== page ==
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Public Radio's Environmental News Magazine (follow us on Google News)

Note On Emerging Science: A Fix For Hiccups

Air Date: Week of

There are many home remedies for “curing” hiccups, though they are rarely backed by science. Pictured is a hiccuper drinking water while others cover his ears. (Photo: Radrice, Flickr, CC BY 2.0)

For most of us hiccups may be just an occasional annoyance, but they can greatly reduce quality of life for people suffering stroke and brain injury, and some chemotherapies can cause frequent hiccups. Now at last there may be a solid treatment. Living on Earth’s Tivara Tanudjaja reports on how researchers have developed a tool to help halt hiccup spasms.


CURWOOD: Just ahead we’ll have our weekly trip beyond the headlines but first this note on emerging science from Tivara Tanudjaja.


We all have our own theories on how to cure hiccups, like breathing into a bag, getting surprised or holding your breath for a time…

They don’t always work for everyone, but researchers from The University of Texas Health Science Center at San Antonio have found something that might just do the job.

They have created a science-based intervention for hiccups called the Forced Inspiratory Suction and Swallow Tool.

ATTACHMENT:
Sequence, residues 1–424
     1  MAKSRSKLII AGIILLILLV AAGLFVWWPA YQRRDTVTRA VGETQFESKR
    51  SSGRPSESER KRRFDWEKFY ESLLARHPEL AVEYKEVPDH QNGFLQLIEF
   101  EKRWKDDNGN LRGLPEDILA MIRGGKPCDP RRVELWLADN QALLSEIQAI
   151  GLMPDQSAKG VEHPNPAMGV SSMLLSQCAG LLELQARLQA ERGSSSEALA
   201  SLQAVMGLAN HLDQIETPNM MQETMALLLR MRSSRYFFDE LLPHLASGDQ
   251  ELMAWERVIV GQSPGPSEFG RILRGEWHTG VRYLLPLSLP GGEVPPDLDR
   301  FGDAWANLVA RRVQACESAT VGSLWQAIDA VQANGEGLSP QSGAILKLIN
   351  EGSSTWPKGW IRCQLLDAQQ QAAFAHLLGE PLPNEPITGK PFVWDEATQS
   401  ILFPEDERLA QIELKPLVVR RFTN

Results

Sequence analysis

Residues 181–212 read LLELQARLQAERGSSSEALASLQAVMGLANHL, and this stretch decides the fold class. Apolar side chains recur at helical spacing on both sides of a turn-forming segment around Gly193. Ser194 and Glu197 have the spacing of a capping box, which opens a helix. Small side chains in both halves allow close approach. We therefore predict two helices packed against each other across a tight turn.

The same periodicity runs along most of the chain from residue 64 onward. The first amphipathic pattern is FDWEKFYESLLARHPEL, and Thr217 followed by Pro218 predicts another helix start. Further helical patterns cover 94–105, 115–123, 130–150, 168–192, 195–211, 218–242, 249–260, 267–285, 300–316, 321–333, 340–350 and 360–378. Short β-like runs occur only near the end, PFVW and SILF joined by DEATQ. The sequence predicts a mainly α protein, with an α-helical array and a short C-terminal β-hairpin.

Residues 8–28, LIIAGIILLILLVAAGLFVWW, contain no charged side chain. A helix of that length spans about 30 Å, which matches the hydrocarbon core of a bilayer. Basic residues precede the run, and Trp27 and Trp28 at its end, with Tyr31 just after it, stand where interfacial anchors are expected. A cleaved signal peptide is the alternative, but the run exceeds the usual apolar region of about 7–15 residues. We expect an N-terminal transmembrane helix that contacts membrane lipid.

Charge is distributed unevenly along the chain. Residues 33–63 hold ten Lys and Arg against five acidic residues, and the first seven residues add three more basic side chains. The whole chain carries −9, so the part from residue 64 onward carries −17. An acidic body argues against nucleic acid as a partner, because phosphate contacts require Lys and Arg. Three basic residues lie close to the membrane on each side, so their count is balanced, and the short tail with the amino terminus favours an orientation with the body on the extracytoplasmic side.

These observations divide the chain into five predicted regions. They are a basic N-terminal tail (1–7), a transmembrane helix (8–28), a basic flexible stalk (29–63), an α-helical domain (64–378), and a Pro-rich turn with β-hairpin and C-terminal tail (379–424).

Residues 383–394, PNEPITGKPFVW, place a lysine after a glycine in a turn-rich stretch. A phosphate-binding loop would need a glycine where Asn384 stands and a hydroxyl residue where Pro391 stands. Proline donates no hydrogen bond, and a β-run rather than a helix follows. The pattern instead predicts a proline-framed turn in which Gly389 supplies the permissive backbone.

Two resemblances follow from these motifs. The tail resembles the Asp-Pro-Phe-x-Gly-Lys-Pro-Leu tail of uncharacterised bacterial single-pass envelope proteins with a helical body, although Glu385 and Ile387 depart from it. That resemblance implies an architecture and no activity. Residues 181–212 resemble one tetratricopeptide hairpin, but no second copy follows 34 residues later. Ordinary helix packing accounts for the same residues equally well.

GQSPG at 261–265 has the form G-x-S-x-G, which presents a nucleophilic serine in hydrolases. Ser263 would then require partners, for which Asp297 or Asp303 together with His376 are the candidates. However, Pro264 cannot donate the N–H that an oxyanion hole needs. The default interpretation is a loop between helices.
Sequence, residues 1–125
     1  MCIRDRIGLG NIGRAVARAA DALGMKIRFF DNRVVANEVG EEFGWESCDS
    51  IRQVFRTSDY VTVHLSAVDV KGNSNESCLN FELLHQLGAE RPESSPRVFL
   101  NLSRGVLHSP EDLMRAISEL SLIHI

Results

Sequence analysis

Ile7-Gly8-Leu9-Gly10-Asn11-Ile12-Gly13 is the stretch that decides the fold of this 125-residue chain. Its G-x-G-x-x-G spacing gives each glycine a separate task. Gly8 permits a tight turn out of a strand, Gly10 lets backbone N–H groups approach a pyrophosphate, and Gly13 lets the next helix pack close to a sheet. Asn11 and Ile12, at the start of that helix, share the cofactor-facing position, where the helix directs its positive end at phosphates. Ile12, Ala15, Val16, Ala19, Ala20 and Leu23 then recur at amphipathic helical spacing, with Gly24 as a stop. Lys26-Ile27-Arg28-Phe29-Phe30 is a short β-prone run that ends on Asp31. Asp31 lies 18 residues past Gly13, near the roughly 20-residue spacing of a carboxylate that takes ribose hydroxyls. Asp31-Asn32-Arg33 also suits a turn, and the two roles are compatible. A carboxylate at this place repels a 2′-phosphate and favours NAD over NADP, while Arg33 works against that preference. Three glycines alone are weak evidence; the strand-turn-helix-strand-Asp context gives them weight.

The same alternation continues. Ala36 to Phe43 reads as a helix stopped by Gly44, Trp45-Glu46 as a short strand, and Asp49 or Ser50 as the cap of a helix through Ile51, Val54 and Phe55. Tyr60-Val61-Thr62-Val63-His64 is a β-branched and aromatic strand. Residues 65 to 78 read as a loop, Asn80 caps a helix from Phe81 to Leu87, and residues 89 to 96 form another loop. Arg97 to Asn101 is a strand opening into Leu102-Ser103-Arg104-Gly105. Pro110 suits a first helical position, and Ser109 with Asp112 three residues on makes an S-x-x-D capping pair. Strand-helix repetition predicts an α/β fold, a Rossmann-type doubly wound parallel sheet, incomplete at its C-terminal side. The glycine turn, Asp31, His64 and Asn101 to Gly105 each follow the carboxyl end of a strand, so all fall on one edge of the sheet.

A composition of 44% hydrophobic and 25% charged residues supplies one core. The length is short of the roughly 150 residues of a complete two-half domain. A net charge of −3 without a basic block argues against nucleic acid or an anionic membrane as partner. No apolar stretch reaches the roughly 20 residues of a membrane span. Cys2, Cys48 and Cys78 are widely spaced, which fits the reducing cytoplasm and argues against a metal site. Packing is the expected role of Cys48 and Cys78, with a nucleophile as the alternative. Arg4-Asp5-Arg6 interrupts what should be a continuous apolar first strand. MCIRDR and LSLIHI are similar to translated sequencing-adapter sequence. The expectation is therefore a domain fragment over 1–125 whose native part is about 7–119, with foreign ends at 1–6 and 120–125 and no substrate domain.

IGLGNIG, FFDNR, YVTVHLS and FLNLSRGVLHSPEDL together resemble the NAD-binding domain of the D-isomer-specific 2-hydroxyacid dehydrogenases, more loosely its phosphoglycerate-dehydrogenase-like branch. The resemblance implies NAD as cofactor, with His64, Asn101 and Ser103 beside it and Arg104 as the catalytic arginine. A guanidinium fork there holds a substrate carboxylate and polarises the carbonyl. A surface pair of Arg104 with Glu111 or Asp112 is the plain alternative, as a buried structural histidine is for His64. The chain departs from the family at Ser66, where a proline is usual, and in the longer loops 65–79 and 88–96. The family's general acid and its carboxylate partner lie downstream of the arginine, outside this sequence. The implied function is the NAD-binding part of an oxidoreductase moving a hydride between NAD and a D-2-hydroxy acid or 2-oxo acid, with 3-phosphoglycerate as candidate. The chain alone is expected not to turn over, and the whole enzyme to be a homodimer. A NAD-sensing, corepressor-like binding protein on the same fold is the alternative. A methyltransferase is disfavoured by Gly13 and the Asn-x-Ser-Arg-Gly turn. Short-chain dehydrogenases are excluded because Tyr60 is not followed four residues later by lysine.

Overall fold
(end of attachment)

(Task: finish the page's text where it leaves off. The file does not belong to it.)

It’s a drinking tube with a valve that requires forceful suction to draw water from the cup and into the mouth. It’s much like trying to drink through a blocked straw. And by stimulating the phrenic and vagus nerves, the suction and swallow action ends the “hiccup spasms.”

According to their survey, the drinking tube helped stop hiccups in nearly 92% of cases.

For most of us, hiccups are an occasional annoyance, but for others, hiccups can greatly reduce quality of life. For example, some chemotherapies can cause frequent hiccups. Researchers hope the tool will help cancer patients as well as those suffering stroke and brain injury.

Although the drinking tube must still undergo clinical trials, researchers are hopeful the tool would help with both the occasional and frequent hiccups. They hope to scale up and make it available to the public in the near future.

That’s this week’s note on emerging science, I’m Tivara Tanudjaja.



EurekaAlert! | “Team Describes Science-Based Hiccups Intervention”


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